North Salem, N.Y.—Aug. 2
Most riders preparing for the dressage Adequan FEI North American Youth Championships spend the months leading up to the competition focusing exclusively on the finer points of their test, but not young rider Emma Szegvari and Ringmoylan.
This June, after they earned their second qualifying score for the championship, they went to the Groton House Summer Classic (Massachusetts), where they finished on their dressage score in the schooling horse trial. But that was just another weekend for Szegvari and the 21-year-old pinto Irish Sport Horse of unrecorded breeding.
“He evented successfully through intermediate and did a few advanced,” said Szegvari, Carlisle, Massachusetts. “That’s really what he loves. He loves cross-country and puts up with dressage, as long as I throw in enough other things. At least once a week we try to do show jumping or cross-country days. We do gallop sets for conditioning. He still loves it.
“[At Groton House] we had no jumping faults, but our dressage was pretty bad!” she continued. “He could see the cross-country from dressage, but our test—we were doing the equivalent of intro with 20-meter circles—he was really excited. In the schooling ring we were doing pirouettes and tempis because I was trying to get him to focus on me! But he was still passaging in the ring.”
Ringmoylan got his start in this country eventing with Karen O’Connor, and Jane Jennings earned ribbons with him at the two-star level. After an injury ended his upper-level eventing career he swapped to dressage, competing through Prix St. Georges with Katherine Erickson.
He and Szegvari found each other when she was looking for a seasoned dressage horse to help her learn that sport. Sure enough that partnership gelled over their 4½ years together thanks to help from Kim Litwinczak and now Kathy Connelly, with Szegvari making her first trip to the championship at the junior level in 2015.
When neither Litwinczak nor Connelly could come to North Salem for the competition, Szegvari reached out to George Williams, from whom she’d taken a clinic, for eyes on the ground at this show.
“I was so proud of him because he can be an overachiever in the ring, which sometimes leads to mistakes,” said Szegvari, 19. “But it was one of our more consistent tests, and he was with me the whole time, which is fantastic for him. For me, the stressful part was getting here, and yesterday I was really relaxed, which was a nice change from being stressed out at the qualifying shows. He was so focused on me, and it was a great test.”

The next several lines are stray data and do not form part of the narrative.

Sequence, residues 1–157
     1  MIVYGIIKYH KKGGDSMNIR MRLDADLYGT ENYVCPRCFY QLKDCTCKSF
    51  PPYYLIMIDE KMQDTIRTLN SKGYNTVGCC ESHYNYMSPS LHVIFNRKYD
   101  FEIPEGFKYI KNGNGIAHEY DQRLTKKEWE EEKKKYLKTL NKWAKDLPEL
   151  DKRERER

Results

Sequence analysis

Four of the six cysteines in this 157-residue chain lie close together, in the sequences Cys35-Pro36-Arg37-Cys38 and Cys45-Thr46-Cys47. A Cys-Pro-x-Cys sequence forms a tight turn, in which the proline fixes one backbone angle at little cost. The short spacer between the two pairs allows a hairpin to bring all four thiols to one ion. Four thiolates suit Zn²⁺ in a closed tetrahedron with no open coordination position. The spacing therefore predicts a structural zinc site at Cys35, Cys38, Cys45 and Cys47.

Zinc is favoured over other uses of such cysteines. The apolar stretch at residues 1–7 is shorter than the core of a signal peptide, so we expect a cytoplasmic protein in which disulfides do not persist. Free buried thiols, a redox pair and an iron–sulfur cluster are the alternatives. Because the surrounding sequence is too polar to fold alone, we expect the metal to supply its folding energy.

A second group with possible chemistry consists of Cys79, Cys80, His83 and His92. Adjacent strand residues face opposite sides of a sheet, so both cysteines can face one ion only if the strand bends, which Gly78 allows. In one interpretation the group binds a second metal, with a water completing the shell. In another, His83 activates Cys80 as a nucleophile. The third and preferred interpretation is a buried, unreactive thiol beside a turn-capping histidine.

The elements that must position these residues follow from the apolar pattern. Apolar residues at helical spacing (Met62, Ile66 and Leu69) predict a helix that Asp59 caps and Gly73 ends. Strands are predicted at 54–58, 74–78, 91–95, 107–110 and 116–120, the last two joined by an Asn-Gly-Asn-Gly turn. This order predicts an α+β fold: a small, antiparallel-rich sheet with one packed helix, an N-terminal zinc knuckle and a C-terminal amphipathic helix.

While her parents, Ingo and Muffy Szegvari, were there to cheer her on (and take her groom and guest passes), the care of “Ringo” falls squarely on Emma’s shoulders—not that she would have it any other way.
“I’m the one who feeds him and mucks out in the morning and bathes and brushes and braids him,” said Emma. “I [was a member of Old North Bridge Pony Club (Massachusetts)] where I got my HB in horse management and my C-3 in dressage. I learned so much from that—it was really my foundation. At this point it’s my routine to do everything myself.”
At school she half leases Ringo to cover her full-care board while she focuses on studies at Hamilton College (New York), but at home she’s in charge of Ringo’s daily care.
“At home there are sheep and llamas and western horses,” said Emma. “He loves it. He’s got a great personality; he’s really like a dog. If I’m doing night feed he’ll wander around and follow me to where the grain room is, and he’ll wander over with me while I fill up the hay cart and do water. He’s just a happy-go-lucky guy.
“I’ve worked for two summers with equine chiropractor [Jessie Svatek],” she continued. “He has lots of stretches and different things I do with him, and I love that time I get to spend with him.”
After her first day of competition—where she and Ringo scored a 63.29 percent for Region 8—Emma has her fingers crossed for an invitation to Saturday’s Young Rider freestyle.
“The first time I rode him I’d only ridden first level, and I got on him and was doing flying changes,” she recalled. “I couldn’t stop smiling. It was just so fun. Since then his personality has only developed. That’s been so cool to see. He lets you do anything with him.”
Stay glued to coth.com for updates throughout the week for lots more from the Adequan FEI North American Youth Championships, and be sure you’re following us on Facebook, Twitter and Instagram @chronofhorse. We’ll have lots more from the competition in the Aug. 20 issue of the magazine.